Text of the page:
Segments in this Video

Japan Earthquake (01:54)


A map shows vehicles' movements in Tokyo during the 2011 Japan earthquake and tsunami, using big data.

Movement After Earthquake (02:12)

Many people headed toward the flood zone after Japan's earthquake and were caught in cars when the tsunami struck. Using big data, we can learn lessons.

Studying Disaster Big Data (02:00)

Modern society is based on information technology. The Big Data Project for Disaster Prevention studies the Japanese earthquake. Companies and organizations contributed data.

Studying East Japan Earthquake (01:11)

The East Japan earthquake claimed more victims than any disaster in post-War Japan. Researchers examine big data on the earthquake.

Tracking Movements (03:26)

Cell phones and GPS systems track people's movements. A map shows people's movements in Ishinomaki slowing as soon as the earthquake hits.

People In Flood Zone (02:02)

Analysis shows how many people were in flood zones following Japan's earthquake, how many were evacuating and how many headed toward shore.

Entering Flood Zone (01:32)

Many evacuated the coast immediately after Japan's earthquake, but later more people moved toward shore.

Pick Up Behavior (04:17)

Many cars went to shore after Japan's earthquake and eventually turned around, indicating they were picking up relatives. Many died trying.

Unable to Leave (02:28)

In the coastal town Rikuzen-takata, big data reveals little movement after the earthquake, as the tsunami flooded evacuation sights.

Failure to Leave Flood Zone (02:04)

The tsunami submerged Rikuzen-takata, killing many. A man took footage from the roof of his store.

Staying Put (01:32)

Data reveals when people in Japan's flood zone started to move and indicates that many died in places they thought were safe.

Big Data and Fukushima (02:21)

An expert seeks to determine how many were exposed to radiation at Fukushima. An image tracks evacuation, along with dissemination of Iodine 131.

Traffic Jams (01:12)

Traffic jams increased casualties in Japan's tsunami. Big data may reveal underlying mechanisms behind these traffic jams.

Gridlock (02:58)

In Ishinomaki, surrounded by rivers, traffic jams were occurring near bridges before the earthquake. After the earthquake, gridlock prevented cars from moving.

Disaster and Traffic Jam (02:43)

When the earthquake hit, cars poured into the street from stores, blocking traffic. The tsunami hit trapped cars.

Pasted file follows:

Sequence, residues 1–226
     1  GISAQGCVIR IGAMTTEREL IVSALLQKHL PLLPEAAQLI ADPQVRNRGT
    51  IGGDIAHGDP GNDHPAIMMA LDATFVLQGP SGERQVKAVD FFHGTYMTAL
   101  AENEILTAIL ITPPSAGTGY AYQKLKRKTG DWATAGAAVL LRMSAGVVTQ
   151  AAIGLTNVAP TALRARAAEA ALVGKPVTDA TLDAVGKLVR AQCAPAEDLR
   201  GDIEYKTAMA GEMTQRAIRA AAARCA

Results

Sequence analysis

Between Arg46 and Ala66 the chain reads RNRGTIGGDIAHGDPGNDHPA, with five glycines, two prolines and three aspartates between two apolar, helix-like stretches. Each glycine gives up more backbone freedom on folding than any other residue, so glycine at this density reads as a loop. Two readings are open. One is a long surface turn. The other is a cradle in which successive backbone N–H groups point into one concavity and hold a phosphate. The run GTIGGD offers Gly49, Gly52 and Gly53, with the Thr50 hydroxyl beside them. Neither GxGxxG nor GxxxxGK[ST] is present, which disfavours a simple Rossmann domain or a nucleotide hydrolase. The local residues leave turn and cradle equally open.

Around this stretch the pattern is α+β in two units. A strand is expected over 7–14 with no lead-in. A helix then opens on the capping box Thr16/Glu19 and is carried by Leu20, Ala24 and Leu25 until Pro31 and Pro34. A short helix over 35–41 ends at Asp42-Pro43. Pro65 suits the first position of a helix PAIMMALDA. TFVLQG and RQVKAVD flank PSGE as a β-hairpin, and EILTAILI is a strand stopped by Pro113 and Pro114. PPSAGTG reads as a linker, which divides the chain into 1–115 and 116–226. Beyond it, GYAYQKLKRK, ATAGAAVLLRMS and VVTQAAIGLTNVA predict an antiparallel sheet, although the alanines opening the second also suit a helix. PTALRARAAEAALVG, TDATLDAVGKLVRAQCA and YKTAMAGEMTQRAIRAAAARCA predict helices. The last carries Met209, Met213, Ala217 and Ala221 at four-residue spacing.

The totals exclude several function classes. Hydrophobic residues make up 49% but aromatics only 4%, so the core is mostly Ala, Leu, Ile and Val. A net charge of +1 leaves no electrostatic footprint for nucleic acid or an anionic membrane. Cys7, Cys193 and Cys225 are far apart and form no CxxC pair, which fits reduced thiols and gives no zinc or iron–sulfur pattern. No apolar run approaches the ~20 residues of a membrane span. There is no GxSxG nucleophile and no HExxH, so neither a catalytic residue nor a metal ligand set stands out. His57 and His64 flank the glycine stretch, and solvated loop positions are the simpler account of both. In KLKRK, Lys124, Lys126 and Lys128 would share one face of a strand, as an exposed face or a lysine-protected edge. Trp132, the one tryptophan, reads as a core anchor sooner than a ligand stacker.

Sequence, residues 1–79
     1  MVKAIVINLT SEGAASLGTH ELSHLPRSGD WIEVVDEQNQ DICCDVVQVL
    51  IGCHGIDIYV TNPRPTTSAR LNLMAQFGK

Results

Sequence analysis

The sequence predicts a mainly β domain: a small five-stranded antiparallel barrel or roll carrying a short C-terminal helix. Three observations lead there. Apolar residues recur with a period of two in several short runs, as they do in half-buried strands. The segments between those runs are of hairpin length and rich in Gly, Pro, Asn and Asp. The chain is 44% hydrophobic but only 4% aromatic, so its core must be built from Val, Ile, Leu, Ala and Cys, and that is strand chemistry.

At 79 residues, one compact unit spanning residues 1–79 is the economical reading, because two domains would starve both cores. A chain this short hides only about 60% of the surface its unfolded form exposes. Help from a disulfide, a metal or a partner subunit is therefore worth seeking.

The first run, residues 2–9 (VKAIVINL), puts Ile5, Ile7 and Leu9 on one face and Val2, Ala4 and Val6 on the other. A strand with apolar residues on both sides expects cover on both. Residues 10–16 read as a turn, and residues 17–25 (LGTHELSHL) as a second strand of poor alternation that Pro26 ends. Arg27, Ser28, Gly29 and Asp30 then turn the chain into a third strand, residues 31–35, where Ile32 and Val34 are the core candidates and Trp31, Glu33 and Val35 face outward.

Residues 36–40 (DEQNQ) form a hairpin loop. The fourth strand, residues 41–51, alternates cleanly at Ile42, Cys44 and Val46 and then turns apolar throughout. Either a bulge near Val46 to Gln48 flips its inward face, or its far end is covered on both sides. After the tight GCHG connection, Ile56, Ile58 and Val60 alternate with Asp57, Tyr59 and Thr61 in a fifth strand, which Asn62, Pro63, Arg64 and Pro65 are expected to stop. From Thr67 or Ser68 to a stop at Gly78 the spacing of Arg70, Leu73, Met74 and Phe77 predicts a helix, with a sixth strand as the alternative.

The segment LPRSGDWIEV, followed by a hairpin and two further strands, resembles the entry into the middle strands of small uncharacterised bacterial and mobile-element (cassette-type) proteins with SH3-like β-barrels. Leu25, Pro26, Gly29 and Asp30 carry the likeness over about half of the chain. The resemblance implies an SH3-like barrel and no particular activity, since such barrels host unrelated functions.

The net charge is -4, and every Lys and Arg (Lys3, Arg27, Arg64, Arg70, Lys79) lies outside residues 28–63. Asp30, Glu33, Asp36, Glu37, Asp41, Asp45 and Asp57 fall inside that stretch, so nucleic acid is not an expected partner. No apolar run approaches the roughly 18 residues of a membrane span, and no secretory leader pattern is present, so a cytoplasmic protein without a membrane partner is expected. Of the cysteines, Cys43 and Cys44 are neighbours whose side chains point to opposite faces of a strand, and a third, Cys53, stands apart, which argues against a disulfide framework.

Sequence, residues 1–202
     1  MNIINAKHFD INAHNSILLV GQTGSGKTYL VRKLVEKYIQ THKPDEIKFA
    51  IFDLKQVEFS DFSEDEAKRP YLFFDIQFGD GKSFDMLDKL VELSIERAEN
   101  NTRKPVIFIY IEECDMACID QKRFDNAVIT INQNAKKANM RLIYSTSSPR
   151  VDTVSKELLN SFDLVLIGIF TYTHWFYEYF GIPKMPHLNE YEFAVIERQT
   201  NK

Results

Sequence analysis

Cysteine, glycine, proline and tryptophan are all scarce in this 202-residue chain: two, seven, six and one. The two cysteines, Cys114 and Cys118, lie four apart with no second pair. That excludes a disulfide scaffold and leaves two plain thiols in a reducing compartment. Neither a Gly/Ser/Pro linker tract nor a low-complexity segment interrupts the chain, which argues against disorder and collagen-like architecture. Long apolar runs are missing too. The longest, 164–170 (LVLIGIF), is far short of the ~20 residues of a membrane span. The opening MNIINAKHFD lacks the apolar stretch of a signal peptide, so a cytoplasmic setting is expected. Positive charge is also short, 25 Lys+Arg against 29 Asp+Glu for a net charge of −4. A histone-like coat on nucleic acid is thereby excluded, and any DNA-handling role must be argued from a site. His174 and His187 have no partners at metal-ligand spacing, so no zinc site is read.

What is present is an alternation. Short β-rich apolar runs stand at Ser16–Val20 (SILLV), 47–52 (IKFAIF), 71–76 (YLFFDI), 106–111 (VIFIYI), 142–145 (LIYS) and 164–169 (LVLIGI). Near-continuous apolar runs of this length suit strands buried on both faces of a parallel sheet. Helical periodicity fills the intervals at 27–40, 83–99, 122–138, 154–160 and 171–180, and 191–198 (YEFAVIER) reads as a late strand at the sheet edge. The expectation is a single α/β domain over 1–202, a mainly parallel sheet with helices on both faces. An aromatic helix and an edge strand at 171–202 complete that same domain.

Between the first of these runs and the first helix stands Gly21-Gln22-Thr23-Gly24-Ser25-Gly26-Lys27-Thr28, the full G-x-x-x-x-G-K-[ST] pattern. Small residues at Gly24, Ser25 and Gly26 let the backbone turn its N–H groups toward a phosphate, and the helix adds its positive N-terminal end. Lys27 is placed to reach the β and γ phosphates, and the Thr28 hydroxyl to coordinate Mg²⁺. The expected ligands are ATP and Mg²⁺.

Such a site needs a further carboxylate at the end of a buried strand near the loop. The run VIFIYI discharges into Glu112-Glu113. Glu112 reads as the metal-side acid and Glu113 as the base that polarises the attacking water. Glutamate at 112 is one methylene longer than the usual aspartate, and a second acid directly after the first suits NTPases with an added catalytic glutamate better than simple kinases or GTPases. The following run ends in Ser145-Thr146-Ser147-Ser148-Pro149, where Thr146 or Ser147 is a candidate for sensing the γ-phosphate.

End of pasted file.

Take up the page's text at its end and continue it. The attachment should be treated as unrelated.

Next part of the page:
Solving Traffic Jams (01:28)

Experts hopes to overcome gridlock in Ishinomaki in future disasters. Proposals include wider bridges and designating stores as evacuation sites.

Response to Tweet (02:40)

A tweet about the location of stranded, handicapped children at a childcare facility spread quickly; the fire department rescued them 15 hours later.

Twitter and Disaster Response (01:37)

Most tweets asking for help after Japan's earthquake were buried. Researchers are working on a method of extracting emergency tweets.

Rescuers Lack Data (02:54)

Big data shows people stranded in flood zones after the Japanese earthquake, but rescuers did not have the information at the time to know where people were.

Stranded Family (01:44)

The tsunami stranded a family for 72 hours before rescuers learned of them. Rescuers could have saved more people had they known where they were stranded.

Earthquake Preparedness Conference (03:01)

At a 2013 conference, companies and organizations developed a system using big data to obtain an overview of a future Tokyo earthquake in real time.

Summary: Disaster Big Data (00:58)

Japan has experienced many natural disasters. Big data from the latest disaster may help avoid further tragedy.

Credits: Disaster Big Data (00:31)

Credits: Disaster Big Data

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Disaster Big Data: Saving Lives Through Information

DVD (Chaptered) Price: $169.95
DVD + 3-Year Streaming Price: $254.93
3-Year Streaming Price: $169.95



A project is underway that uses big data to clarify what happened to the more than 20,000 people who died or went missing in the Great East Japan Earthquake. Eleven participating companies, including Google, Twitter, and Honda, have offered their data for analysis. With private industry, government, and academia working together, new tools are also being developed to cope with future disasters. This documentary traces what motivated people to do what they did on the day of the earthquake, while showing how big data provides an understanding that goes beyond photographic and video images. Through the analysis of data collected from cell phones and car navigation systems (including 180 million tweets), the movements of tens of thousands of people are tracked, and the individual lives of those who faced this horrible disaster are brought into clearer focus.

Length: 50 minutes

Item#: EDP60243

ISBN: 978-1-60057-413-9

Copyright date: ©2013

Closed Captioned

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Only available in USA and Canada.